Implementing perception-action coupling for laparoscopy

F.A. Voorhorst, C.J. Overbeeke, G.J.F. Smets

Research output: Chapter in Book/Report/Conference proceedingChapterProfessional

Abstract

This chapter discusses implementation aiming at restoring perception-action coupling with respect to visual information by linking the point of observation or the point of illumination directly to the head movements of the surgeon. This restores the perception-action coupling and allows the surgeon to obtain spatial information through exploration. However, two problems arise. First, manipulation and making explorative movements conflict with each other. Although observation tasks do invite the observer to move, manipulation tasks, for example, putting a wire through the eye of a needle, do not. Second, there are technical constraints such as size and shape; for example, the mechanism must be small enough to be used during laparoscopy, or the mechanism may not harm the patient. Implementation aimed at restoring perception-action coupling during laparoscopy is explored within the framework of the ecological approach to visual perception as described by Gibson (1979)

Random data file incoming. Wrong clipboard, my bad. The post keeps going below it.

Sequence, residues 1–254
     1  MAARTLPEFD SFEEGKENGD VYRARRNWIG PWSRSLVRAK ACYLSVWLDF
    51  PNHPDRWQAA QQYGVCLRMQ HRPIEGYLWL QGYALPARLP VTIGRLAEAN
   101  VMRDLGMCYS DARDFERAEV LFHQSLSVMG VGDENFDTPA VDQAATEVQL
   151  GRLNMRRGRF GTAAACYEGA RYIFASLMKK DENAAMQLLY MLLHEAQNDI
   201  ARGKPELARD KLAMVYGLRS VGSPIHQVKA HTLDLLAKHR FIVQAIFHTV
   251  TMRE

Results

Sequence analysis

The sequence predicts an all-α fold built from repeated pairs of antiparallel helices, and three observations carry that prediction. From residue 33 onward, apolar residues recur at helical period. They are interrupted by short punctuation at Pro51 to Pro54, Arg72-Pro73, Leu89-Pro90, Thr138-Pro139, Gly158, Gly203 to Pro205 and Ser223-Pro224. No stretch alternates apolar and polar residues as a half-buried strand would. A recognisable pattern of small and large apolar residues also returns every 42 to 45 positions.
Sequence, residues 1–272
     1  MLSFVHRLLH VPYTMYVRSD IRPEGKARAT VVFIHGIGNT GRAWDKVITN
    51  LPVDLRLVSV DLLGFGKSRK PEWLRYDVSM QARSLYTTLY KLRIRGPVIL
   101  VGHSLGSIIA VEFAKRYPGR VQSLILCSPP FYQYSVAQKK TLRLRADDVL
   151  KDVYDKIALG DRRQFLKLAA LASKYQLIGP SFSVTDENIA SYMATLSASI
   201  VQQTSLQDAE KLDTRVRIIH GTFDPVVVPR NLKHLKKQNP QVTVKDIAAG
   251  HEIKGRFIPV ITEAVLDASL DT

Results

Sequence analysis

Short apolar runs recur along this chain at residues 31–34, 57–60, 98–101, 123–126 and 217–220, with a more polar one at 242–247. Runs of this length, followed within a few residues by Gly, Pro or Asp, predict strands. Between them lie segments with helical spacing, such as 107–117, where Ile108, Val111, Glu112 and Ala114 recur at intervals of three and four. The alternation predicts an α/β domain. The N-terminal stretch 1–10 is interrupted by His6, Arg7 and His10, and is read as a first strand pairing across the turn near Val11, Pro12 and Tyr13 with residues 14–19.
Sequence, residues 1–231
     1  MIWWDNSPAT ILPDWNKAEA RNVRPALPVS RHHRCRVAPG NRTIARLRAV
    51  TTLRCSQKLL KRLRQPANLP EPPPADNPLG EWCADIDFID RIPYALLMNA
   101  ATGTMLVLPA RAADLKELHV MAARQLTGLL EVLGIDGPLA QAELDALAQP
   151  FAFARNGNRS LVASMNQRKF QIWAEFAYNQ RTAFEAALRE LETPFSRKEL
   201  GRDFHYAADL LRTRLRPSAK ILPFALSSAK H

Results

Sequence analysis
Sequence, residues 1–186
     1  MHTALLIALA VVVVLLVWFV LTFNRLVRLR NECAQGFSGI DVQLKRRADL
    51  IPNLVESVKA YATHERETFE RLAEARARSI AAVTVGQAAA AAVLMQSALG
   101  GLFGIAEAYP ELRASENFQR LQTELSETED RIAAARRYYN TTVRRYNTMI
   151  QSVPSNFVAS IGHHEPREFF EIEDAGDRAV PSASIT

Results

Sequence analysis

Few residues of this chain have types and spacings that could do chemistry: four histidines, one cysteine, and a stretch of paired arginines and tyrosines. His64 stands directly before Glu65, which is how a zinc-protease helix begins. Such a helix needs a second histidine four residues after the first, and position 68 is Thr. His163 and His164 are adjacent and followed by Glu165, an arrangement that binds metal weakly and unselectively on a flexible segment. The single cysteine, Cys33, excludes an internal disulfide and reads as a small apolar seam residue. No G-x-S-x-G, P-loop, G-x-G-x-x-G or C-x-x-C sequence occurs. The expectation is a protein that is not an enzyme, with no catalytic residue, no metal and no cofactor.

Original languageEnglish
Title of host publicationVirtual and adaptive environments : applications, implications, and human performance issues
EditorsL.J. Hettinger, M.W. Haas
Place of PublicationLondon
PublisherLawrence Erlbaum
Pages391-411
Number of pages582
ISBN (Print)0-8058-3107-X
Publication statusPublished - 2003

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    Voorhorst, F. A., Overbeeke, C. J., & Smets, G. J. F. (2003). Implementing perception-action coupling for laparoscopy. In L. J. Hettinger, & M. W. Haas (Eds.), Virtual and adaptive environments : applications, implications, and human performance issues (pp. 391-411). London: Lawrence Erlbaum.